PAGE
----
Matt Weinstock -- February 7, 1959
February 7, 2009 | 4:00 pm
Viene La MañanaLencho Perez, a song writer, was arrested recently for drunk driving, and when he appeared in Judge Carlos Teran's court in East L.A. he contritely admitted his guilt and paid his fine. Not only that, he returned a few days later and presented the judge and court interpreter with copies of a lifting, six-verse song he'd written, a warning to others not to drive when they've been drinking.
It is titled "El Parrandero," which means Good Time Charley or playboy, and cautions other automovilistas out on the town that if they're not careful they will land in jail as he did.
Perhaps high schoolers studying Spanish, bucking for a passing grade, may with to try the last verse:
Ahora si ya con certeza
bien conozco este lugar,
Por manejar con cerveza
a la carcel fui a parar.
SEVERAL TIMES during John Neely's plane trip here from Texas, where he was arrested, a woman passenger in a nearby seat looked hard at him and said, "Didn't I go to school with you in Dallas?" Neely, in custody of Lt. George Stoner, didn't answer.
On arrival, when she learned he was charged with murdering Ronald Caruana, she almost went into orbit on her own power.
THE COMMITTEE handling the entertainment for the American Society of Civil Engineers convention opening here Monday recalled the time several years ago in Chicago when someone suggested hiring a funny little guy with a guitar playing in a club on State Street. The chairman overruled him, and a string quartet was hired. So GeorgeGobel had to wait a little longer for fame to strike him.
REMEMBER the recent news story from St. Paul about the 16-year-old baby sitter who got stuck to a freshly painted toilet seat? And the doctor who tripped and knocked himself out when he came to her rescue? And both of them had to go to the hospital for repairs?
Well, the AP gave it the seminar treatment and in its weekly log reports that editors all over the country were skeptical. Many recalled having heard the tale repeatedly for the last 25 years, with variations, but without verification.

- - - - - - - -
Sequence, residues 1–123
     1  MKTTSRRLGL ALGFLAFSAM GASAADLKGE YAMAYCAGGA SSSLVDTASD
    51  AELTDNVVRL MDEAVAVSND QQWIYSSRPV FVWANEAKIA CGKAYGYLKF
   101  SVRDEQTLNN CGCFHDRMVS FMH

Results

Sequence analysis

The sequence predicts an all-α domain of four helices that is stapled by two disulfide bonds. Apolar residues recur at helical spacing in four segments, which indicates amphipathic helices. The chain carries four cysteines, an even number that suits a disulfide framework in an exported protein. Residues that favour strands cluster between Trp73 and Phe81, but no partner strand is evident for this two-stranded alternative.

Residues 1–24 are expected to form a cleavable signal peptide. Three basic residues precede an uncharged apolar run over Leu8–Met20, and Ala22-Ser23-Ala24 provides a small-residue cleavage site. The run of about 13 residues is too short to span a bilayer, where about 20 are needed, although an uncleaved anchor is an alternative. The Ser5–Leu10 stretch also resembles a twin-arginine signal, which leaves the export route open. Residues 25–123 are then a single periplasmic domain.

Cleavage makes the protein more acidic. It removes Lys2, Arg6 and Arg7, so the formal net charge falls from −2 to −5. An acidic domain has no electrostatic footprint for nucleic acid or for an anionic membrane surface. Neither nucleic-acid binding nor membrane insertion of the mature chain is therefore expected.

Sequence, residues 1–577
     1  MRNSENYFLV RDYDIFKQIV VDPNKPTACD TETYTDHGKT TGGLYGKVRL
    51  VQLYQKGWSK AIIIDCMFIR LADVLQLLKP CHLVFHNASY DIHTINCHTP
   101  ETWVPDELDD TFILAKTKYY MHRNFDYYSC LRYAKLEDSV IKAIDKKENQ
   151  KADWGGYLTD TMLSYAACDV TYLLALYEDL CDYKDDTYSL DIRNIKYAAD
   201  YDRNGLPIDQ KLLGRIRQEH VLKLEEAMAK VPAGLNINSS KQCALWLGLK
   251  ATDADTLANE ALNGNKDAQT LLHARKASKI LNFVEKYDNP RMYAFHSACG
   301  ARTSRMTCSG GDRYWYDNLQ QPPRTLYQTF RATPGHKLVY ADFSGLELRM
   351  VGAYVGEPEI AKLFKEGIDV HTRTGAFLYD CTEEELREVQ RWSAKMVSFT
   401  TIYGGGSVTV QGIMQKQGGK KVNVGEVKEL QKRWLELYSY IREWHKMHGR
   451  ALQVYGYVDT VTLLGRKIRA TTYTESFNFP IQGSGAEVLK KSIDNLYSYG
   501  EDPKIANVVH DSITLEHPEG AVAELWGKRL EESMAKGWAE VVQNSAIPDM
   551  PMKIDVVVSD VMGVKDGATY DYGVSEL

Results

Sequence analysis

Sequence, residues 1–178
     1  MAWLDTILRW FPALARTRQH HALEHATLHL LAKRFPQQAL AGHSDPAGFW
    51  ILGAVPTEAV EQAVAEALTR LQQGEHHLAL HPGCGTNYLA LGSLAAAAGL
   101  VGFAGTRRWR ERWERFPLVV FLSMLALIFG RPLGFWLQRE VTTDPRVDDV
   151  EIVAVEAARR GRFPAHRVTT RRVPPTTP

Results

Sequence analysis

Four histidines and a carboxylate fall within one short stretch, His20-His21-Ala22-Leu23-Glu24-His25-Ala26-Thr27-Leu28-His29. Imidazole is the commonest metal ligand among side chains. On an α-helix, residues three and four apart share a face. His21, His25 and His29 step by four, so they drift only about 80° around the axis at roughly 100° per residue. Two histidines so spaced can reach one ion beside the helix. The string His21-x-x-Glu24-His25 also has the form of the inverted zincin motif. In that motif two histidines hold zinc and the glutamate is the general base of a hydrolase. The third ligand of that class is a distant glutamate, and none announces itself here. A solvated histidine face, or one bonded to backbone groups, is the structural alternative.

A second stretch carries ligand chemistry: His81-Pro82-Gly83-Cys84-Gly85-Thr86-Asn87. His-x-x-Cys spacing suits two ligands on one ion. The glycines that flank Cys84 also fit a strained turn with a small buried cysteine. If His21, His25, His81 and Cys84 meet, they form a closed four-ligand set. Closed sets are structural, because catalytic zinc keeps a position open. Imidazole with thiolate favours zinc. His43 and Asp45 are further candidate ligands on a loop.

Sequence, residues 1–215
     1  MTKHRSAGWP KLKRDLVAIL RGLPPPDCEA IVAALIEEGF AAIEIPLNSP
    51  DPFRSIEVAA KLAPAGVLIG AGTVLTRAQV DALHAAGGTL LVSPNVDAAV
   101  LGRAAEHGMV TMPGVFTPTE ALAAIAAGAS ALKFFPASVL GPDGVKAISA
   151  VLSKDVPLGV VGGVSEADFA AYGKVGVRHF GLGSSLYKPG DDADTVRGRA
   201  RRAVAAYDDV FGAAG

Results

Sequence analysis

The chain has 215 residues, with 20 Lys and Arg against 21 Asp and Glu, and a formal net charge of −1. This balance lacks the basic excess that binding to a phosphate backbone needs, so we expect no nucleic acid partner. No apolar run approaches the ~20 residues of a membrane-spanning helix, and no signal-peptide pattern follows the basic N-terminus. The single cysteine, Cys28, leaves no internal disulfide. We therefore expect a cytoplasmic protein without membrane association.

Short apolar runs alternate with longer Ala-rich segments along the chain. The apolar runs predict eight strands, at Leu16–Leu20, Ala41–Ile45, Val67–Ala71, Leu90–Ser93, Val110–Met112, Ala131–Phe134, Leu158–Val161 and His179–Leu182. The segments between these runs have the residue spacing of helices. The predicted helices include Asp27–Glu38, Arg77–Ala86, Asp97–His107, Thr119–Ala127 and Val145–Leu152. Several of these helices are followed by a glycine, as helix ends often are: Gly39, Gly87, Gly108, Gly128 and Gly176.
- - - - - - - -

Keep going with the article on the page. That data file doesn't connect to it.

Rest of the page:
Palmer Hoyt of the Denver Post recalled that about 1935, when he was on the Portland Oregonian, a staff man got a hold of a similar story but was restrained from using it when he found the source was always one removed. They decided the young lady had been cruelly framed.
By the way, the St. Paul Dispatch, which broke the story, insists it is authentic. The source, editors say, is the insurance adjuster who handled the case.
Concludes AP: It could have happened twice.
THERE'S a dramatic scene in the movie "Hanging Tree" in which Maria Schell, after a near fatal accident, rides a white horse bareback, seated sideways, into a mining town.
At a preview an irrepressible reviewer broke the spell by shouting, "Take it off, Lady Godiva!"
KID STUFF -- The parents of Timothy Deans, 4, are pretty sure he no longer is a little boy. The other day he told his mother, "Call me Tim, not Timmy -- that's a baby's name." And at bedtime he announced, "I only want to be kissed good night once a week!" . . . Mrs. F. J.Biebl was awakened at 6 a.m. by her 6-year-old asking, "Mamma, if I shot a bee with a BB would the bee be dead?"
FOOTNOTES -- The animal regulation department's monthly reports reveal an eland bite, possibly the first ever recorded. What do you say we skip it, that's reaching too far . . .Blodgett, Lauber & Wood have opened an office on Olive Street. as political consultants. Tom Blodgett is a Democrat, Mrs. Ruth Wood is a Republican, but Henry Lauber has thus far declined to state . . . Betcha this is the only place with a sports Freeway League. Yep, down Buena Park way.